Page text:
Suede’s soft, pliable feel makes it the perfect choice for high-end handbags and other accessories. Although suede has a reputation for being delicate and will stain from contact with water, it’s also surprisingly resilient. Often, a regular brushing — and being careful where you set it down — is all you need to keep your suede handbags looking new.
What Brushing Can Do
Suede’s nap — the fibers that give it a soft, velvety texture — is the key to both its delicacy and its resilience. The nap shows dirt, mud and scuffs very easily, but a quick treatment with a suede brush is usually all it takes to lift the nap back up, brush away any lingering dirt, and leave the handbag looking as good as new.
Don’t try to substitute a different sort of brush — suede brushes have soft copper bristles tucked among even softer rubber bristles, offering just the right amount of stiffness to lift the nap back up without damaging it. Work at the suede using short, gentle strokes in one consistent direction until it returns to a soft, even texture throughout.
Dealing With Water Spots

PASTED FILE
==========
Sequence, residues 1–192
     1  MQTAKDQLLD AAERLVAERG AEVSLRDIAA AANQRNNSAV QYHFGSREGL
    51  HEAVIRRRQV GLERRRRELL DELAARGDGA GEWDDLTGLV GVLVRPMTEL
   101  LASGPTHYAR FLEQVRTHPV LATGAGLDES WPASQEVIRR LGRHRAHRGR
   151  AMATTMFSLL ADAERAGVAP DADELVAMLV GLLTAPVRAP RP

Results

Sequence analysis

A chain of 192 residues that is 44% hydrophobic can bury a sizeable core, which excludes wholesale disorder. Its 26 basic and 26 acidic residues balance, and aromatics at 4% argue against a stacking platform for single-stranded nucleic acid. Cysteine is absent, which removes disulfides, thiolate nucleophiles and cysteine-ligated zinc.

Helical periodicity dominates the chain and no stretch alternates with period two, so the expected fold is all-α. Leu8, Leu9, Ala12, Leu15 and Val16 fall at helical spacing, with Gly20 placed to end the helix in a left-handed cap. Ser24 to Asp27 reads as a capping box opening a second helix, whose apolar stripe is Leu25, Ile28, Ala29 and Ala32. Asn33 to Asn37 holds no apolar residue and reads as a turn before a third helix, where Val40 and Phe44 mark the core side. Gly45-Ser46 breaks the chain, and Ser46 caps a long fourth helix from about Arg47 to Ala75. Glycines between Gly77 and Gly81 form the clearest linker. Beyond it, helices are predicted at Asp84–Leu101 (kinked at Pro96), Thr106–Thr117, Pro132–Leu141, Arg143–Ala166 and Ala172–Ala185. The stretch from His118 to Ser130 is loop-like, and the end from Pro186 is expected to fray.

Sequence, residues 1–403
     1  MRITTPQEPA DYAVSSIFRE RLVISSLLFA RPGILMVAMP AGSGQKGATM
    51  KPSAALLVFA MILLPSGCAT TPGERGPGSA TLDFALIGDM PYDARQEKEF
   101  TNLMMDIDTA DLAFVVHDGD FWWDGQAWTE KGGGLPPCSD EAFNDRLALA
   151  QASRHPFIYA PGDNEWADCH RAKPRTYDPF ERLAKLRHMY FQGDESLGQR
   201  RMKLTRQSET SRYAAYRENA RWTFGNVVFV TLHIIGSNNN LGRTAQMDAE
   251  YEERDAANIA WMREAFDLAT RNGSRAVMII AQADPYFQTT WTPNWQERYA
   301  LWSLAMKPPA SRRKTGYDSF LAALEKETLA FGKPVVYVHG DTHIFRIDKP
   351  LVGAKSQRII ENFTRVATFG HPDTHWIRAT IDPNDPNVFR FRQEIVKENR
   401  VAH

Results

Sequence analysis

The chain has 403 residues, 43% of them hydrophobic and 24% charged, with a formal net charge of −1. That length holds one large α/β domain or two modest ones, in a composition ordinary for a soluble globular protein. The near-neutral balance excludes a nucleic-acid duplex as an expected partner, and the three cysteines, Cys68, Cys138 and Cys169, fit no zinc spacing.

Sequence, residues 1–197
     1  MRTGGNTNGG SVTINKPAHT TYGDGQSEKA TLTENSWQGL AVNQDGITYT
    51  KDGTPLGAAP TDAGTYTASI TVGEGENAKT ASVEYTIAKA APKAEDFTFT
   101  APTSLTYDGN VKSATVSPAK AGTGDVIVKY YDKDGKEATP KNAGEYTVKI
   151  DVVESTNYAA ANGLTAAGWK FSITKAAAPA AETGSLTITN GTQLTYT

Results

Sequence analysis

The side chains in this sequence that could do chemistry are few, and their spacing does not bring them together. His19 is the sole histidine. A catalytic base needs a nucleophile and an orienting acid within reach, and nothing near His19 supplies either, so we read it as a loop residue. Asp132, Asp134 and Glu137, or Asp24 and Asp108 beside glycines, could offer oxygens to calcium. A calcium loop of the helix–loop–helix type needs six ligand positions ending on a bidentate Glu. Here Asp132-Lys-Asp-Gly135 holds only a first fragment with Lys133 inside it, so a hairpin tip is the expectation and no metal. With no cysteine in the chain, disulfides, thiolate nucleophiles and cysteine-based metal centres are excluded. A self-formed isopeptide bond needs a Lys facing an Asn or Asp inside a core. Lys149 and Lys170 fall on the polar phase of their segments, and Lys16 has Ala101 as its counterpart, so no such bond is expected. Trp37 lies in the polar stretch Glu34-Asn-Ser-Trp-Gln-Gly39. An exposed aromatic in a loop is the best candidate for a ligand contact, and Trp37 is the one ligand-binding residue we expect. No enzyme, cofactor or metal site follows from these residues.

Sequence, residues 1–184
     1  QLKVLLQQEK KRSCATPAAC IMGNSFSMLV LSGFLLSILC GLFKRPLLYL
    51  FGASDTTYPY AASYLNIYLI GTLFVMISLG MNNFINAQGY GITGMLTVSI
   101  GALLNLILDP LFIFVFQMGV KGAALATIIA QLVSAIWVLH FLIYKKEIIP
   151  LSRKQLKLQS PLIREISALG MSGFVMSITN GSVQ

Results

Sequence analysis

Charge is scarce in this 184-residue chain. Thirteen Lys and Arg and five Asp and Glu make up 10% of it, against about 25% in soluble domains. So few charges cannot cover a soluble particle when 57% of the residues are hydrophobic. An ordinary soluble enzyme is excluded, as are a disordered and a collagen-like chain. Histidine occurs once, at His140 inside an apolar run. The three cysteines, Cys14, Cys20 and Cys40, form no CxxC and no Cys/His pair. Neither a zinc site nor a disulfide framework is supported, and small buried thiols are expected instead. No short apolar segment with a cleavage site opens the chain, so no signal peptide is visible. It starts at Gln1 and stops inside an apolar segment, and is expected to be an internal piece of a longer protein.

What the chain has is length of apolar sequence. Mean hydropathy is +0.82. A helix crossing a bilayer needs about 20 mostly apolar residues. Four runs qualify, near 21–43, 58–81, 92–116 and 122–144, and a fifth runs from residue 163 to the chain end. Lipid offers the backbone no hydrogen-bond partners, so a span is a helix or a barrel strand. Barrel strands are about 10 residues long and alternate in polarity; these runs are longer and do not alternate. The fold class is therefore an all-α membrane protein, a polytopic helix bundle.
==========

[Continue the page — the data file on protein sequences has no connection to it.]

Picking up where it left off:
Water will stain suede quickly, so blot up any spots or stains right away. Dab the water away — don’t wipe — or place a towel on either side of the stain and add a weight on top. Leave it there until the towel has sopped up all the liquid from the suede. Never use heat to dry your suede handbag; always let it air dry. If it’s really soaked, stuff some white butcher paper inside to help soak up the water and maintain the handbag’s shape at the same time.
Once the suede is dry, it’s time to get out your suede brush. A good brushing may be all it takes to lift the nap back up and conceal any water stains. If that doesn’t do the job, you have the option of misting the entire handbag with water, brushing it while damp, waiting for it to dry, then brushing it one more time. The handbag will be a little darker than at first, but at least it’ll be a uniform color without any obvious stains.
Dealing With Stains
If dry-brushing isn’t enough to remove your suede handbag’s stains, there are a few other options you can try — but first, step away from the soap and water! They’ll spoil the texture of the suede, as will chemical cleaners. Instead, try using a clean pencil eraser, a suede cleaning block (which works the same as an eraser), or a towel dipped in white vinegar to dab away the stains.
Brush the eraser, cleaning block or towel gently across the suede surface in one direction, just as you’d do with a suede brush, then let it air dry. If that doesn’t work, it’s time to bring out the big guns: A store-bought suede degreaser is sometimes effective, especially if you’re dealing with the body oil stains left by frequent handling.
If the stain still lingers, your last and best option is taking your handbag to a professional leather cleaner. Don’t detour by the dry cleaners on your way. They can handle suede fabric, but suede leather is an entirely different matter and should go straight to the leather experts.